The Occupy Wall Street phenomenon has a thing or two to teach us about, of all things, affirmative action.
One of those affirmative-action-all-the-time spells will most likely be on us again — soon. Abigail Fisher has appealed to the Supreme Court in her 2008 case against the University of Texas at Austin — denied by the 5th Court of Appeals — for not admitting her despite an academic record that would have gained a black or Latino applicant admission.
Forecasts suggest that the Supremes will likely hear the case before June — unless UTA succeeds with its current strategy of stonewalling in response to the high court's request for a preliminary response to the challenge of its admissions policy. However, that will work for only so long, in which case the decision would happen in late 2012 or soon thereafter.
Surely there will be editorials against Fisher's grievance, if the past is any indication, calling attention to the persistence of racism, questioning traditional conceptions of academic merit and pointing out that George W. Bush was a mediocre student and yet became president because of family connections.
For black people who support OWS' focus on addressing inequality — and we can assume that is most, despite qualms with OWS' methods — it's time to seriously engage the fact that we do not have a lock on needing action of the affirmative sort. How about speaking up for affirmative action based on inequality among all people, rather than just those with brown skin?
Giving people a leg up in admissions policies to acknowledge the obstacles they have faced is fine. But rejecting students on the basis of their not happening to be brown is much trickier to defend. Decisions in favor of such practices, such as 1978's Regents of the University of California v. Bakke and 2003's Grutter v. Bollinger, continue to attract vociferous challenges.
And it's too easy to say that the reason for their legal challenges is racism, ignorance or a combination. One might argue that white complainants like Barbara Grutter, and now Fisher, seeking "affirmation" of their hard work, are missing a few points: that America was founded on racism. That black unemployment is higher than white unemployment. That black men have trouble getting cabs in New York.
Now, should the child of a wealthy suburban family accept that they might cede their place at a good school to someone who made the best of growing up lower-middle class or below, without access to many Advanced Placement classes or SAT coaching? I say yes, and disagree sharply with anyone who sees no room for addressing societal inequality in this manner.
But a preference policy that truly sticks, requiring no sonorous double-talk about squishy notions like "redress" from the left, and attracting no grouchy claims of "reverse racism" from the right, will be one under which all members of the American social contract can be sure that what is being addressed is inequality rather than melanin.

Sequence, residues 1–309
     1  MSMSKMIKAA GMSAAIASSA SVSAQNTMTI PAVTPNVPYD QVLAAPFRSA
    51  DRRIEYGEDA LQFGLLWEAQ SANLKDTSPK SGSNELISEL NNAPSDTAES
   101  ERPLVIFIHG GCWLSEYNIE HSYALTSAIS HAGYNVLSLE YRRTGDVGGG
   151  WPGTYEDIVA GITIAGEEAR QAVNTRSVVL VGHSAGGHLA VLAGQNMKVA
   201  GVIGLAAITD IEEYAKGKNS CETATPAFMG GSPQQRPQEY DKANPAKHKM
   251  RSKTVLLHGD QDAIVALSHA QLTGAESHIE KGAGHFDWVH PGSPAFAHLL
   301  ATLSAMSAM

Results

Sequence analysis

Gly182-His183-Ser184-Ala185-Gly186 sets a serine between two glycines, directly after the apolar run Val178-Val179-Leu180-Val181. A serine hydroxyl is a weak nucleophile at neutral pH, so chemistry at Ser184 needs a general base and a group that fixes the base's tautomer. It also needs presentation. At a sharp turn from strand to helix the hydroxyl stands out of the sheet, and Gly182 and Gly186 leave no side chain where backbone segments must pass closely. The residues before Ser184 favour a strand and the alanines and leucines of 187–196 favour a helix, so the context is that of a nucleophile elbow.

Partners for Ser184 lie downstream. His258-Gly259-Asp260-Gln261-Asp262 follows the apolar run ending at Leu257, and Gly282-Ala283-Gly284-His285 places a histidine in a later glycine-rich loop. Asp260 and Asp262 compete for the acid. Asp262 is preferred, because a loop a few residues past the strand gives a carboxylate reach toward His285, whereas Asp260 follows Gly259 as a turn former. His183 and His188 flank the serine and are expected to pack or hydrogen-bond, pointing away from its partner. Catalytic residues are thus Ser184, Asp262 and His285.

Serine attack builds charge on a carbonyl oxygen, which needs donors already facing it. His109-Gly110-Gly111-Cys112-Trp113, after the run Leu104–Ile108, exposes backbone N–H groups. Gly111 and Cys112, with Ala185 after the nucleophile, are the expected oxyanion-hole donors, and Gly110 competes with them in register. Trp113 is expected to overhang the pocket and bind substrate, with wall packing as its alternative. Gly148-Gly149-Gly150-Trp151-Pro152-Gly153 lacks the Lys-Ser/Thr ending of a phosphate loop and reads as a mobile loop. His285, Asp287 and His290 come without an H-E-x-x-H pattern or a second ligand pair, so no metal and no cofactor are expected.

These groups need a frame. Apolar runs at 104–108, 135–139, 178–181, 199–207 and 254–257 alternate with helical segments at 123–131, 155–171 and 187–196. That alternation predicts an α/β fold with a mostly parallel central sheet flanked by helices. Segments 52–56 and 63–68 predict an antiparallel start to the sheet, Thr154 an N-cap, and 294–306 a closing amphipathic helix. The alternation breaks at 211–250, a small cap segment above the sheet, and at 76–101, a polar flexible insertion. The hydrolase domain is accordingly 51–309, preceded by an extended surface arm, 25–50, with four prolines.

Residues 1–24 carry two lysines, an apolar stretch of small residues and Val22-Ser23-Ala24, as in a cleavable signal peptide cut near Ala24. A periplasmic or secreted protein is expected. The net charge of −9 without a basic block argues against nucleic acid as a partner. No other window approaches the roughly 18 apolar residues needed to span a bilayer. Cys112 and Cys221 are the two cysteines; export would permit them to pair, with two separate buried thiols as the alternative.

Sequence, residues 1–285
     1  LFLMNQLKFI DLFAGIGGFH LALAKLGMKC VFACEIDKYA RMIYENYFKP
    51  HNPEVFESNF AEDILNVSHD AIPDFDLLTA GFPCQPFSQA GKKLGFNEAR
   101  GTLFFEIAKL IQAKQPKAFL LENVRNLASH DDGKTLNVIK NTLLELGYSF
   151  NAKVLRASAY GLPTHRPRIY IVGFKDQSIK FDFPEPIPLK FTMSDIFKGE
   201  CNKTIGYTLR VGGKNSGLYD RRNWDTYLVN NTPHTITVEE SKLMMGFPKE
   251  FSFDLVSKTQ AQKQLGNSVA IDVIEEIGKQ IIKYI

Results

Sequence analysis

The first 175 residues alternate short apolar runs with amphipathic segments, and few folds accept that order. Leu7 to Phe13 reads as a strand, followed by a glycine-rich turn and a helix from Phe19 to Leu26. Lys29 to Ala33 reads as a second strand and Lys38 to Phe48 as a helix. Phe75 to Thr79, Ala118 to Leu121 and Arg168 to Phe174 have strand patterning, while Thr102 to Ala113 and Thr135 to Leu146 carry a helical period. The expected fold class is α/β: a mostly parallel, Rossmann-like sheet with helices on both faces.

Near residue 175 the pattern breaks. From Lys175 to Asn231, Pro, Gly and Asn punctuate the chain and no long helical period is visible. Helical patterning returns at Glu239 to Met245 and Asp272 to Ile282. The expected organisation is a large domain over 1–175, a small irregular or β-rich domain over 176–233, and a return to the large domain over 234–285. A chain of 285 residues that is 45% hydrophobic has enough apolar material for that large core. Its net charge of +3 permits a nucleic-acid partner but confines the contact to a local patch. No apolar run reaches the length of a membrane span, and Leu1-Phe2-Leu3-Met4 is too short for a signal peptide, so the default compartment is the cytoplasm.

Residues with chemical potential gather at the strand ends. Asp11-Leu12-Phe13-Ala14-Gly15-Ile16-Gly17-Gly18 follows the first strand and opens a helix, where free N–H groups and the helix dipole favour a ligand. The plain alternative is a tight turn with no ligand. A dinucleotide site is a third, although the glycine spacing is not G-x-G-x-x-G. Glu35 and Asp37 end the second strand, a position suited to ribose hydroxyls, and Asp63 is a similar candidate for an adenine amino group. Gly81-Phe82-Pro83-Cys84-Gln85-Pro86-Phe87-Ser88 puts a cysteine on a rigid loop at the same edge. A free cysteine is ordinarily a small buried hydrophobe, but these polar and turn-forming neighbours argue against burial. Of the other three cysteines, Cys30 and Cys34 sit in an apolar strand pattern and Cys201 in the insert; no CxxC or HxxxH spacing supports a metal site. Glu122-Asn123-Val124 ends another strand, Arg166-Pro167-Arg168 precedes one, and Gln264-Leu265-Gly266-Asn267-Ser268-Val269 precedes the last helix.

To be black is not, after all, automatically to be a poster child of inequality. It's time to get comfortable admitting that these days, not all black students have lived lives that justify admissions preferences — and that those whose lives don't justify affirmative action constitute a vast group. Why should a black student raised by two doctors, or a school principal and a middle manager, be preferred over a white one with better grades and test scores?
Watch out for two common responses here. The first is the "diversity" bit. Try telling a black student to her face that she deserves admission for being diverse, and note that she won't like it. Also ask her, if she is a middle-class or affluent black person, precisely what the nature is of the "diversity" she contributes — and then ask the committee admitting her on that basis the same question.
Ask the members of that committee to name a single university where race-based preferences were discontinued and admissions of brown students dropped to too few to constitute a community. Having a perceptible and vigorous black community on a campus — even if not as large as it was in the '90s — doesn't require race-based preferences.
Sure, lots of middle-class black people today are holding on to that status tenuously. But that brings us back to Occupy Wall Street, which is all about how too many people of all walks in the 99 percent are watching their life's efforts go to naught because of entrenched inadequacies of opportunity and financial skullduggery on Wall Street and beyond.
There is not a thing "conservative" about basing college-admission preference policies on class. It is a prototypically progressive position. It is supported by serious intellectuals unconnected with any right-wing ideology and sincerely concerned with racial justice. The reason thinkers such as the Century Foundation's Richard Kahlenberg and New York University sociologist Dalton Conley favor class-based preferences is that the argument makes sense.
Nor does supporting preferences based on socioeconomics signal ignorance that racism persists in America. The question is what the relationship between policy and racism must be.
The key question is not whether racism exists, then. It is the following: Though racism exists, in the America of 2011 and Occupy Wall Street, are black 99 percenters' problems more important than those of white ones?
I suspect that most people, of all colors, will say no here. And it suggests that today's admissions preference policies should give a leg up not just to brown people but to a multicolored segment of the 99 percent.
John McWhorter is a contributing editor to The Root.
John McWhorter is a contributing editor at The Root. He is an associate professor at Columbia University and the author of several books, including Winning the Race: Beyond the Crisis in Black America and Our Magnificent Bastard Tongue: The Untold History of English.